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Artifacts Show Timor Island Was Colonized 45,000 Years Ago

Timing of settlement rules out the island as first ‘staging ground’ to reach Australia.

By Paul Smaglik
May 22, 2024 9:00 PMMay 22, 2024 8:59 PM
Major Migration
Professor Sue O’connor (left) and Dr. Shimona Kealy say the "major" migration to Timor Island was no accident. (Credit: Jamie Kidston/ANU)


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Timor Island might not have been a stepping stone. Many archeologists have theorized that the island, served as a sort of way station for travelers en route to destinations further south and east, like Australia. The island lies southeast of Indonesia and about 450 miles from Australia’s northern coast.

But the sheer number of artifacts — and the fact that many dated to the same time period about 45,000 years ago — instead indicates the island was targeted for colonization, according to a study in Nature Communications.

Signs of Human Settlement

The archeologists focused their effort on a cave named Laili, where they discovered an arrival signature — a drastic contrast in layers of sediment under the cave’s floor.

“Laili had an exceptionally dense layer of initial occupation material with dark organic sediment and hearths and hundreds of stone artifacts overlying sterile cave sediments, which were a pale yellow,” says Sue O’Connor, a professor at Australian National University and an author of the study. “The interface between these two units was strikingly clear.”

Besides indications of what was once a well-trod floor with several fireplaces, they found tens of thousands of stone artifacts.

“We rarely find occupation of this age so intact and well preserved […] not to mention abundant,” says O’Connor. “This is why we think initial occupation colonizing groups were quite big.”

To confirm that the cave settlement was likely the first human occupation on the island, Mike Morley, a professor at Flinders University, in Adelaide, Australia, performed chemical analysis on blocks of sediment from the excavation site as well as from other spots on the island. He found that the sediment beneath the human occupation layer from the cave sample was indeed sterile and lacked any signatures of the human occupation layer.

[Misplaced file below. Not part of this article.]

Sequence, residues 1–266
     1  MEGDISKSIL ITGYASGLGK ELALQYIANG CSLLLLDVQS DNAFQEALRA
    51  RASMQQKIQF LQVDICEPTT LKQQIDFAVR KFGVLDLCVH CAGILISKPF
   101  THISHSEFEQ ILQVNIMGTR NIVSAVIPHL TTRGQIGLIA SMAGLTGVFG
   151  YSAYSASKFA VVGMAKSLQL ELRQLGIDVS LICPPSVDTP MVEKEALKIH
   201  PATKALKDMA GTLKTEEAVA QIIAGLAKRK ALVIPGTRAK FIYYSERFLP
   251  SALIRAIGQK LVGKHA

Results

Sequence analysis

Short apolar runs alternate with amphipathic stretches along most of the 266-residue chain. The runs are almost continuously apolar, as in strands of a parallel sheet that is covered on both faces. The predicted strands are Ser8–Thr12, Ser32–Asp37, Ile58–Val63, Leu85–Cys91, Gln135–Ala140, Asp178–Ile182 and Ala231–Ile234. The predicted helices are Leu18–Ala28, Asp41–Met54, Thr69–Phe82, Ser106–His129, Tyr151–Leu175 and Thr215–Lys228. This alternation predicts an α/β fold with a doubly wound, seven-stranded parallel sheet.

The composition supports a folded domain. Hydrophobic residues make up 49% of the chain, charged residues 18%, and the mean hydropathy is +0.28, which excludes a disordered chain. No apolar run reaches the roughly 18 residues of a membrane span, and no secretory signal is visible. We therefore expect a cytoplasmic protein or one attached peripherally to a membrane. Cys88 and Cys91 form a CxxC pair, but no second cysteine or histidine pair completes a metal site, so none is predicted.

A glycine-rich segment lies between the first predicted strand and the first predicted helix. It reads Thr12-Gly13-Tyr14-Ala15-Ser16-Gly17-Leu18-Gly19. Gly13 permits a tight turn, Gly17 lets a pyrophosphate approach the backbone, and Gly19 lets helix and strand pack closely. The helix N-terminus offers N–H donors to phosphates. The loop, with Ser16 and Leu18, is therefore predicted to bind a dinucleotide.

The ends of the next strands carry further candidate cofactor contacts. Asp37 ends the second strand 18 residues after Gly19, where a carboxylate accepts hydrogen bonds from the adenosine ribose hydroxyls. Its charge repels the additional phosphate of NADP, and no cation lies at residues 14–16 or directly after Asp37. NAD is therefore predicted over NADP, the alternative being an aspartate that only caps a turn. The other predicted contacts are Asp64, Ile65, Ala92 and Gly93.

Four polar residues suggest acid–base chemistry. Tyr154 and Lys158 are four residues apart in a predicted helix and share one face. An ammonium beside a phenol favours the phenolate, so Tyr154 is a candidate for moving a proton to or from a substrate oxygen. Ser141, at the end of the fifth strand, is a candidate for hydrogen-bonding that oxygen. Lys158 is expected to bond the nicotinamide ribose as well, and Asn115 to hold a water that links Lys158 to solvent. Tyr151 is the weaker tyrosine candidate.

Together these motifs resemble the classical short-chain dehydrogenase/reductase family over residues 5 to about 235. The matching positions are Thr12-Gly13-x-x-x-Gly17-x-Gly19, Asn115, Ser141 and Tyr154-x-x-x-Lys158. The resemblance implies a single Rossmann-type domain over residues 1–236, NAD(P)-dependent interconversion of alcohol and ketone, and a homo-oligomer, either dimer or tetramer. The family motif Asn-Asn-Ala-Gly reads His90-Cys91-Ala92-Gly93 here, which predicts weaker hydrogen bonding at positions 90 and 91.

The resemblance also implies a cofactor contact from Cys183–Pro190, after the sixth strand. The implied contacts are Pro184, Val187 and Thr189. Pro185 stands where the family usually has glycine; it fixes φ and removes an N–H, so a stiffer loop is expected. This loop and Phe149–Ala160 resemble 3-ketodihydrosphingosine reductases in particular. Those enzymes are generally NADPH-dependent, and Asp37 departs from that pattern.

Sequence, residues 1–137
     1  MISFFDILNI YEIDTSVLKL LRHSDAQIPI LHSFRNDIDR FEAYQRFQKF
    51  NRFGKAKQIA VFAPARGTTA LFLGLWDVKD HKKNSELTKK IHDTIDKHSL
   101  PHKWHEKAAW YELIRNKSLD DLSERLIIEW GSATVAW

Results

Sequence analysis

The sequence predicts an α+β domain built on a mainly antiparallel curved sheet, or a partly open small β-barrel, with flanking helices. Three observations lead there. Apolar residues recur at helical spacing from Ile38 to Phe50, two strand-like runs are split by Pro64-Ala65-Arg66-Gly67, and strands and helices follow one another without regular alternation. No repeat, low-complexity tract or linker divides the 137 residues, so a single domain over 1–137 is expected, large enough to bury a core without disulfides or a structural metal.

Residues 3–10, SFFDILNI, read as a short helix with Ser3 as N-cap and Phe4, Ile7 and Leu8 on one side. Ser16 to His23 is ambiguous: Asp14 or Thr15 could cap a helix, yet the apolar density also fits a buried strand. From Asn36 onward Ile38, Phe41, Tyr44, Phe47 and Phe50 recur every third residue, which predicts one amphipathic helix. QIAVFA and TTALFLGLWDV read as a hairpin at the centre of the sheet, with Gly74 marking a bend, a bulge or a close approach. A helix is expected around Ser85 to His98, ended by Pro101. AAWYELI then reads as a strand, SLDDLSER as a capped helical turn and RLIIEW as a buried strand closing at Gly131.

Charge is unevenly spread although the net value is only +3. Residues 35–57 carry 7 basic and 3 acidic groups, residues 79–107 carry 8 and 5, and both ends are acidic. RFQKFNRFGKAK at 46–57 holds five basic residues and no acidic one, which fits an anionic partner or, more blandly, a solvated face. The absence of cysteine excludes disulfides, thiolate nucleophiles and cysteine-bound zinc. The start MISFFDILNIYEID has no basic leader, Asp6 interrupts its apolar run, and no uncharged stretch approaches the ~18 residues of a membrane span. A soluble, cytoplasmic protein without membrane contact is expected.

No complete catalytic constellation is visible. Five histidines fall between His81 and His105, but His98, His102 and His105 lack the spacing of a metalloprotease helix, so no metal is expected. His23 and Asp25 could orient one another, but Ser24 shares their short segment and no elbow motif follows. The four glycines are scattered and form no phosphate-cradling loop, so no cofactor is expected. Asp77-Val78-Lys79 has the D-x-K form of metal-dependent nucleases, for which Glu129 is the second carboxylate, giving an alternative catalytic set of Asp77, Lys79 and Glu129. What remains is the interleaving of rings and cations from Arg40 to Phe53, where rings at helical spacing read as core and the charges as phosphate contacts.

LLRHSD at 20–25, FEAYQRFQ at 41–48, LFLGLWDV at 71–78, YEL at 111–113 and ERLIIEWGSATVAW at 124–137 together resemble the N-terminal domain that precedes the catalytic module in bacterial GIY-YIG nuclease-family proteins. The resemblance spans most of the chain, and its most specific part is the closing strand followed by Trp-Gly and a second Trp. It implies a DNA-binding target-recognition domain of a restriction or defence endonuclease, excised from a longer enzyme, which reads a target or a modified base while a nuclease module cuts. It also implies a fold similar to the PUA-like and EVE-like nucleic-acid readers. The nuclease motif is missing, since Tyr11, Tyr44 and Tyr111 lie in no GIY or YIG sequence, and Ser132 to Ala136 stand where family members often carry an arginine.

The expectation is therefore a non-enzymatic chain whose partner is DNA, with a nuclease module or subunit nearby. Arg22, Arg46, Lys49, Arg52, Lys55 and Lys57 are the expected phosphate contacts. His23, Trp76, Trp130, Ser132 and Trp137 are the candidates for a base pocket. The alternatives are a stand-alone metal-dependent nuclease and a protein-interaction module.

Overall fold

“This is the first time that we have found such evidence,” says O’Connor. “We have excavated over a dozen sites in Timor, and evidence for human occupation in the sites always extends down to the rocky cave base so we are never sure if we have found the earliest evidence for human arrival – because we have never found sterile sediments lacking human occupation.”

Read More: The 6 Most Iconic Artifacts From The Ancient World

Exploring Colonists

Confirming the colonization time also helps rule out the island as an early jumping-off point to Australia, since there is evidence that humans inhabited that continent before Timor Island. O’Connor suspects early migrants to Australia travelled via New Guinea.

As for the reasons why its first settlers stopped at the island, O’Connor believes that, contrary to some earlier opinions, the inhabitants didn’t randomly stumble upon it. Instead, the colonists likely checked out several nearby islands, since many of them are visible from each other.

“I think it is highly likely that colonists explored the islands that they could see when weather and sea conditions were calm,” O’Connor says. “To that extent I suppose you could say it was ‘intentional’, maybe intentional exploration to check out new resource zones rather than intentional colonization.”

Read More: Massive Ochre Cave Paintings are Traces of Ancient Human Migration in the Amazon

Article Sources

Our writers at Discovermagazine.com use peer-reviewed studies and high-quality sources for our articles, and our editors review for scientific accuracy and editorial standards. Review the sources used below for this article:

Before joining Discover Magazine, Paul Smaglik spent over 20 years as a science journalist, specializing in U.S. life science policy and global scientific career issues. He began his career in newspapers, but switched to scientific magazines. His work has appeared in publications including Science News, Science, Nature, and Scientific American.

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